Patient, careful matchmaking by promoter Top Rank has enabled Julio Cesar Chavez Jr. to arrive at stardom with an unbeaten record, but one (45-0-1, 31 KOs) that does not include a major challenge. Andy Lee, a tall, highly-skilled boxer-puncher and southpaw, will present the most significant test yet for Chavez. How Chavez deals with Lee in their June 16 clash in El Paso, Texas, will go a long way toward predicting if and when he will finally crawl out from the long shadow cast by his father, Julio Cesar Chavez Sr., one of the greatest boxers in history.
Make no mistake about it. Lee (28-1, 20 KOs) is a definite step up for Chavez. So much so that some have wondered why Top Rank would even take this fight. "I don't think they had much choice," says Emanuel Steward, the Hall of Fame trainer who has conditioned Lee in Detroit's famed Kronk gym since he turned pro. "Chavez has been well protected, but they ran out of fighters. They must feel he has made enough progress to face Andy. Also, the middleweight division is not all that deep."
The biggest name in the middleweight division right now is Sergio Martinez, and there are some indications that the Argentinean might fight the winner of this bout. That the southpaw Martinez waits in the wings may partially explain why Top Rank chose to fight Lee, says his promoter, Lou DiBella. "They know that if Chavez is ever going to fight Martinez, he needs the experience," says DiBella, who also promotes Martinez. "Andy is one of the top lefty middleweights in the world."
So carefully matched has Chavez been that he has not faced a lefthander since 2007, when he took on then 20-1 Ray Sanchez. That experience with Sanchez -- who was ahead on two scorecards before getting knocked out in the sixth -- might have made Top Rank wary of pairing Chavez up with other southpaws in the future. Going into his fight with Lee, the 26-year-old Chavez has gone 12 straight fights without facing a lefty.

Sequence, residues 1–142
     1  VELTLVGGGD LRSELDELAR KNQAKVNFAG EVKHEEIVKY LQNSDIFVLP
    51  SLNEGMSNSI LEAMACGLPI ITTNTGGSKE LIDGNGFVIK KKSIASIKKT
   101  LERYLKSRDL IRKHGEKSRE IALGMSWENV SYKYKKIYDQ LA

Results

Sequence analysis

The 27-year-old Lee presents more problems for Chavez than just being left-handed. One is that at 6'2 ½-, Lee will be the first fighter that Chavez (6'0) has ever fought who is taller than him. "It will be up to Chavez to adjust to Andy's height," Steward says. Losing the height advantage will take away a significant part of Chavez's game. In previous fights, Chavez has consistently used his height -- and weight -- to dominate shorter, lighter fighters. He will not be able to do that against Lee.
Lee is different from the majority of Chavez's previous opponents in other ways. Most of Chavez's opponents have basically stood right in front of him, giving him an easy target. Lee, on the other hand, is a classic boxer-puncher with a strong amateur background and the movements of a skilled dancer. That means Chavez will have to constantly stalk Lee, who prefers to stick and move. Lee's swift, fluid footwork might also keep Chavez from getting inside, where the Mexican excels in much the way his father did. If Lee sticks to his game plan, and does not get caught up in a brawl - as he did in his only loss, to Brian Vera in 2008 - he should be able to negate one of Chavez's major strengths: body punching.
Because of his size, Lee could also take away Chavez's well-known weight advantage come fight night. Although Chavez has never failed to make the 160-pound middleweight limit, he often will blow up after hitting the scale and come into the ring as high as 181 pounds, as he did in his last fight against Marco Antonio Rubio. In that bout, Chavez constantly leaned on Rubio, using his weight to wear his fellow Mexican down. "He was too heavy for me," Rubio said after the fight. "It was body against body, and his weight was too much for me to handle."
After beating Rubio by unanimous decision, Chavez acknowledged his issues with weight in post-fight remarks. "I had a little problem with the weight," Chavez said. "After the seventh or eighth round, my legs were starting to feel it, and I was paying the price for just making the weight."
If Chavez's body wore down against Rubio -- who barely moved around the ring -- it will be interesting to see how his legs hold up against the slick Lee. Certainly Chavez's conditioning will be a major factor in this fight -- especially since he elected work without his usual strength and conditioning guru, Alex Ariza.
Steward feels Lee's power could be another edge. "Andy is a bigger puncher than Chavez," Steward says. "And not just to the head. Andy has knocked out six opponents with body shots." That being said, Chavez has an excellent chin, which he often needs because of his so-so defense. "Chavez is very hittable," DiBella says. "His defense is somewhat easy to get through." It is Chavez's strong chin which has allowed him to keep plowing forward, despite eating leather along the way. How his often wide-open chin will stand up to a real banger like Lee remains to be seen.
Add up the pros and cons for each fighter, and ultimately none of it will matter as much as who dictates the style of the bout. Steward wants Lee to box Chavez from the outside to use his height and reach advantage, and to avoid the Mexican's trademark kamikaze assault to the body. Chavez's handlers will be urging him to constantly apply pressure in an effort to get inside and break Lee down. "Engaging in a boxing match with Andy," DiBella says, "is not going to be Chavez's real game. He'll try and get Andy into a rumble." Either way, this fight looks to be one of the more intriguing ones at middleweight in a long time.